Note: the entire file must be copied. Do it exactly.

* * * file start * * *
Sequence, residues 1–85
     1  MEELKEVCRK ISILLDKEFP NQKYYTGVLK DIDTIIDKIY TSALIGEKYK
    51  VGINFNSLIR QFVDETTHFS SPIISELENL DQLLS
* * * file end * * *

Sequence, residues 1–85
     1  MEELKEVCRK ISILLDKEFP NQKYYTGVLK DIDTIIDKIY TSALIGEKYK
    51  VGINFNSLIR QFVDETTHFS SPIISELENL DQLLS